(e) where points (c) or (d) are applied, the system operator in whose area the investment is located shall provide the implementing operators or investors or third party with all the information needed to realise the investment, shall connect new assets to the transmission network and shall generally make its best efforts to facilitate the implementation of the investment and the secure, reliable and efficient operation and maintenance of the project of common interest.

8. A project of common interest may be removed from the Union list in accordance with the procedure set out in Article 3(4) if its inclusion in that list was based on incorrect information which was a determining factor for that inclusion, or the project does not comply with Union law.

9. Projects which are no longer on the Union list shall lose all rights and obligations linked to the status of project of common interest arising from this Regulation.

However, a project which is no longer on the Union list but for which an application file has been accepted for examination by the competent authority shall maintain the rights and obligations arising from Chapter III, except where the project is no longer on the list for the reasons set out in paragraph 8.

10. This Article shall be without prejudice to any Union financial assistance granted to any project of common interest prior to its removal from the Union list.

Article 6

European coordinators

1. Where a project of common interest encounters significant implementation difficulties, the Commission may designate, in agreement with the Member States concerned, a European coordinator for a period of up to one year renewable twice.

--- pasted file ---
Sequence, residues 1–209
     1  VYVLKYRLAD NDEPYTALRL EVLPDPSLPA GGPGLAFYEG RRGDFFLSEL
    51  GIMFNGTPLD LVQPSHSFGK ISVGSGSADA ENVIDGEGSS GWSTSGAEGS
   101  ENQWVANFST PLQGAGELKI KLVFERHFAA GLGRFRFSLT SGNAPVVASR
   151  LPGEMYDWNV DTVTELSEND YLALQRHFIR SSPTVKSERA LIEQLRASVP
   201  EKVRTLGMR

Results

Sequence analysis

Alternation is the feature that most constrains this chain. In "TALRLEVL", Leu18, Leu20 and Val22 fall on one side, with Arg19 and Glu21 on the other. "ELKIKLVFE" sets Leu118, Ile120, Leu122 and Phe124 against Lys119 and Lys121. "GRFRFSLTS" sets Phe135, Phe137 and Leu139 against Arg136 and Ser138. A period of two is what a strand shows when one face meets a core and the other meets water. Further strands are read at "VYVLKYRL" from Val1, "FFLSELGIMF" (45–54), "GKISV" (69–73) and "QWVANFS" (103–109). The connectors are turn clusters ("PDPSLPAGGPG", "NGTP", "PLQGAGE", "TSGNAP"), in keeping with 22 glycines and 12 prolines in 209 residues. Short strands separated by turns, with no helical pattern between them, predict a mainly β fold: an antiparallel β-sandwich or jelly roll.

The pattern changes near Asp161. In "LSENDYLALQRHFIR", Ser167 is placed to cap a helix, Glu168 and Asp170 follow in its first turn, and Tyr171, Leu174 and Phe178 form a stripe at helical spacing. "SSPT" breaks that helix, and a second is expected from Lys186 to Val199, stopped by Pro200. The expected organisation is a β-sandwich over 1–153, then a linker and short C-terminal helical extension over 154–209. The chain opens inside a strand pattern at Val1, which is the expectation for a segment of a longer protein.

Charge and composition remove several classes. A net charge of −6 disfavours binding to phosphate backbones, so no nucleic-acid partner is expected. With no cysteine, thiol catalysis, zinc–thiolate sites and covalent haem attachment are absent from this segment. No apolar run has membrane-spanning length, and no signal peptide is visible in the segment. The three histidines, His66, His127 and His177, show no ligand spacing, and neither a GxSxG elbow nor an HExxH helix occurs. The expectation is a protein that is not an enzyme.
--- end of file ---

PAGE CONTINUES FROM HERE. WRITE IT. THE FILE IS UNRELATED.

2. The European coordinator shall:

(a) promote the projects, for which he or she has been designated European coordinator and the cross-border dialogue between the project promoters and all concerned stakeholders;

(b) assist all parties as necessary in consulting concerned stakeholders and obtaining necessary permits for the projects;

(c) where appropriate, advise project promoters on the financing of the project;

(d) ensure that appropriate support and strategic direction by the Member States concerned are provided for the preparation and implementation of the projects;

(e) submit every year, and where appropriate, upon completion of their mandate, a report to the Commission on the progress of the projects and on any difficulties and obstacles which are likely to significantly delay the commissioning date of the projects. The Commission shall transmit the report to the European Parliament and the Groups concerned.

3. The European coordinator shall be chosen on the basis of his or her experience with regard to the specific tasks assigned to him or her for the projects concerned.